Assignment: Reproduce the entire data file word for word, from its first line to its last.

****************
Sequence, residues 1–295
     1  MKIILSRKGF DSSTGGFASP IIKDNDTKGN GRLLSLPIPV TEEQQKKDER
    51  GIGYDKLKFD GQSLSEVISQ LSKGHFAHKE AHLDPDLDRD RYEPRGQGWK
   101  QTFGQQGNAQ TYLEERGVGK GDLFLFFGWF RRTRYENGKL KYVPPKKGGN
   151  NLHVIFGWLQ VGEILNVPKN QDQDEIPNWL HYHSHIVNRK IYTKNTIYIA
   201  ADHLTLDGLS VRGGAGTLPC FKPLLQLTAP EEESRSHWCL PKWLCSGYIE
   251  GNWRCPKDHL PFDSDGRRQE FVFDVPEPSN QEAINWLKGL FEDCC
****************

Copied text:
Sequence, residues 1–295
     1  MKIILSRKGF DSSTGGFASP IIKDNDTKGN GRLLSLPIPV TEEQQKKDER
    51  GIGYDKLKFD GQSLSEVISQ LSKGHFAHKE AHLDPDLDRD RYEPRGQGWK
   101  QTFGQQGNAQ TYLEERGVGK GDLFLFFGWF RRTRYENGKL KYVPPKKGGN
   151  NLHVIFGWLQ VGEILNVPKN QDQDEIPNWL HYHSHIVNRK IYTKNTIYIA
   201  ADHLTLDGLS VRGGAGTLPC FKPLLQLTAP EEESRSHWCL PKWLCSGYIE
   251  GNWRCPKDHL PFDSDGRRQE FVFDVPEPSN QEAINWLKGL FEDCC